These six characteristics lend themselves to certain service delivery models, the main ones being IaaS, PaaS, and SaaS. Figure 1.1 shows the relationship between these and other cloud service layers. A provider can choose to offer one or more of these services.
IaaS deals primarily with hosting the environment. Infrastructure as a Service is the new way to use and share hardware, operating systems, storage, and network capacity over the Internet. Instead of using slices and logical partitioning, consumers can now rent virtualized servers, storage, and networking components. The consumer can provision processing, storage, networks, and other fundamental computing resources, then deploy and run arbitrary software, which can include operating systems and applications. The consumer does not manage or control the underlying cloud infrastructure, but does have control over the operating system, storage, and deployed applications, and possibly limited control of select networking components, such as switches in the datacenter and ports.
As in the old mainframe days, the service provider owns the equipment and is responsible for housing it, running it, and maintaining it. The characteristics of today's IaaS are
self service via the Internet
dynamic scaling, sometimes referred to as elasticity
utility computing billing
In the IaaS provisioning model, the consumer pays for the infrastructure on a per-use basis. A major benefit of cloud computing in general and IaaS in particular is that it allows companies to avoid up-front infrastructure costs and focus on business-related projects.
As we move up the stack shown in Figure 1.1, we come to the computing platform, which includes the operating system, an execution engine, database, and Web server. Cloud vendors package these services and offer them as Platform as a Service.
PaaS concentrates on the building and deployment aspect of the cloud. Consumers can deploy applications to the cloud infrastructure using programming languages, libraries, services, and tools that the provider supports. Applications are typically middleware and can be consumer-created or acquired. The consumer does not manage or control the underlying cloud infrastructure such as the network, servers, or storage, but does have control over the deployed applications and possibly over configuration settings for the hosting environment.
PaaS resources can be used to run existing applications or develop and test new ones. Application developers have to worry only about developing their apps and running them on the platform as and when needed. Some vendors offer automatic scaling of computing and storage resources to match application demand.
Vendors of PaaS cloud services not only provide the infrastructure but also manage it and support client applications. Vendors can continually update services and add new features. PaaS providers can assist developers from the conception of original ideas to creating, testing, and deploying applications.
Vendors typically include the following resources and features in a PaaS offering:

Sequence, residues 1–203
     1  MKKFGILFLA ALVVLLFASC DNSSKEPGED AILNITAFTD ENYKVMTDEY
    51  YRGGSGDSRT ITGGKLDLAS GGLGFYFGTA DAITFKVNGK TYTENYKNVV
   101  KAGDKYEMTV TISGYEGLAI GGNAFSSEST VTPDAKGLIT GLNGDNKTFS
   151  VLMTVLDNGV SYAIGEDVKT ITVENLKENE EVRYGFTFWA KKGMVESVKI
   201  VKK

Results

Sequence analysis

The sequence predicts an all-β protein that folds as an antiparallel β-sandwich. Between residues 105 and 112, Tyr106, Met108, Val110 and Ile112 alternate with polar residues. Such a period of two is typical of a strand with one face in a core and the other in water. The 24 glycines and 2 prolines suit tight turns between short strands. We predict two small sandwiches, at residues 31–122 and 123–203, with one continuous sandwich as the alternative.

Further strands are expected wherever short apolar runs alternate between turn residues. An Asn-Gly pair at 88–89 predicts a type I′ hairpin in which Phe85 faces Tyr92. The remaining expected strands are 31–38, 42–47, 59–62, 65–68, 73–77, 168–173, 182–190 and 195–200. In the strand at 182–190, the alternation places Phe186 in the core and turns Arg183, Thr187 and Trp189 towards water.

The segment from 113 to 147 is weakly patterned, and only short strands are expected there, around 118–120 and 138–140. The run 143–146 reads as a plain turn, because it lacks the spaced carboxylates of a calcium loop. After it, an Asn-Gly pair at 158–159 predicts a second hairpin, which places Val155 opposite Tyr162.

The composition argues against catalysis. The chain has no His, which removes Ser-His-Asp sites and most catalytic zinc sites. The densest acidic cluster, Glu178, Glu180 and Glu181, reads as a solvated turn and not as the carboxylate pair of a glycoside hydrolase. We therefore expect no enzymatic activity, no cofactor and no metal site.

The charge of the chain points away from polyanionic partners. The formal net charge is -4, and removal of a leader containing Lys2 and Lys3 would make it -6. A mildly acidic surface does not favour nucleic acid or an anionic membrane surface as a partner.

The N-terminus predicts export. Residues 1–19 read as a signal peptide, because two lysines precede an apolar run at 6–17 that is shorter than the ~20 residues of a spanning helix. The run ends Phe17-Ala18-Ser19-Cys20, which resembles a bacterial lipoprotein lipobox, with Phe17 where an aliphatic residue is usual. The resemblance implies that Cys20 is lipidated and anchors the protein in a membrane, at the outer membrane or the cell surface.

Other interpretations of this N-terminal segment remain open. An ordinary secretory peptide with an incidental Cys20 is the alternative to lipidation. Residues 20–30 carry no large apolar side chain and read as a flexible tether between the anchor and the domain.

development and test tools
maintenance and support
PaaS has several advantages for software developers because operating system complexities are hidden, while the resources and features are easily accessible and can be increased or decreased according to demand. Development teams may be geographically distributed, yet are still able to work together on software projects. Services can be obtained from diverse sources, some of which may be on-premises while others are hosted on remote systems across the globe. Enterprises can reduce setup and ongoing costs and eliminate unnecessary duplication of functions by using infrastructure services from a single vendor rather than maintaining multiple hardware facilities on their own. And IT expenses can be minimized by sharing services and repositories and centralizing software development and test environments.
It's important to mention the subtle differences between PaaS and traditional distributed systems. Tasks such as continuous integration, build, deploy, and test are automated and repeatable. PaaS resources can be scaled up or conserved according to policies and need, and platform-neutral scripting makes it possible for applications to interact with the system firmware. In short, PaaS lets systems administrators focus on systems rather than servers, helps architects evaluate new technology quickly and directly, and enables IT developers to quickly develop and test projects.
On the downside, there are some pitfalls to be aware of. PaaS involves some risk of "lock-in" if offerings require proprietary service interfaces or development languages. And the flexibility of offerings might not meet the needs of users whose requirements evolve rapidly.
Software as a Service is all about consumption. SaaS hosts software and applications on the cloud and delivers them to consumers as a service, sometimes referred to as "on-demand software." The consumer uses the provider's applications, which run on a cloud infrastructure. Although the applications are ubiquitously accessible, the consumer does not manage or control the underlying cloud infrastructure — not even the individual applications. The only aspects that the consumer has some control over are who can access the software and user-specific application configuration settings.
In most cases, users access SaaS via a thin client, such as a Web browser. SaaS is a common delivery model for everything from simple word processing software to enterprise resource planning, business process management, and customer relationship management software. Customer relationship management is the largest market for SaaS, but this delivery model is also used for business applications such as messaging, database management, and business management applications.
One of the main selling points of SaaS is the potential to reduce IT costs by outsourcing hardware and software maintenance and support to the SaaS provider. The pricing model for SaaS applications is typically a monthly or yearly flat fee per user, so the cost of the service is predictable and adjusted whenever users are added or removed.